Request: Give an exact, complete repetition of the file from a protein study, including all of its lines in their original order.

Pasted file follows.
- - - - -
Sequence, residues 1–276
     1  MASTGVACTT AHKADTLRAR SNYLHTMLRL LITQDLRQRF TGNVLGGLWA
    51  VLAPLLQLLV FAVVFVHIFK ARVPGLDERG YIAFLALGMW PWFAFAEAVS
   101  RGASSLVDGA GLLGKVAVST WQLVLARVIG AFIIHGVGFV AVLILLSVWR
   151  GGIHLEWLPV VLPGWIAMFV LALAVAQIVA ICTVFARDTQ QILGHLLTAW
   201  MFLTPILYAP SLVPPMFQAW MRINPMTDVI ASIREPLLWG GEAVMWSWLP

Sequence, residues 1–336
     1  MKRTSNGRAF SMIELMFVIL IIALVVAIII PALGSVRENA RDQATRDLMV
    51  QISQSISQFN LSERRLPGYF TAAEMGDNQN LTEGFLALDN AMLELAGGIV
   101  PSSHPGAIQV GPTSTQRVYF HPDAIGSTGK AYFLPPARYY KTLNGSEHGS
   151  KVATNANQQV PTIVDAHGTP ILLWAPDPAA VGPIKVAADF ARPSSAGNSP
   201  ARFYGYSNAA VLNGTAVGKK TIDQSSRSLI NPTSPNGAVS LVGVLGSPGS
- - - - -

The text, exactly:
Sequence, residues 1–276
     1  MASTGVACTT AHKADTLRAR SNYLHTMLRL LITQDLRQRF TGNVLGGLWA
    51  VLAPLLQLLV FAVVFVHIFK ARVPGLDERG YIAFLALGMW PWFAFAEAVS
   101  RGASSLVDGA GLLGKVAVST WQLVLARVIG AFIIHGVGFV AVLILLSVWR
   151  GGIHLEWLPV VLPGWIAMFV LALAVAQIVA ICTVFARDTQ QILGHLLTAW
   201  MFLTPILYAP SLVPPMFQAW MRINPMTDVI ASIREPLLWG GEAVMWSWLP

Sequence, residues 1–336
     1  MKRTSNGRAF SMIELMFVIL IIALVVAIII PALGSVRENA RDQATRDLMV
    51  QISQSISQFN LSERRLPGYF TAAEMGDNQN LTEGFLALDN AMLELAGGIV
   101  PSSHPGAIQV GPTSTQRVYF HPDAIGSTGK AYFLPPARYY KTLNGSEHGS
   151  KVATNANQQV PTIVDAHGTP ILLWAPDPAA VGPIKVAADF ARPSSAGNSP
   201  ARFYGYSNAA VLNGTAVGKK TIDQSSRSLI NPTSPNGAVS LVGVLGSPGS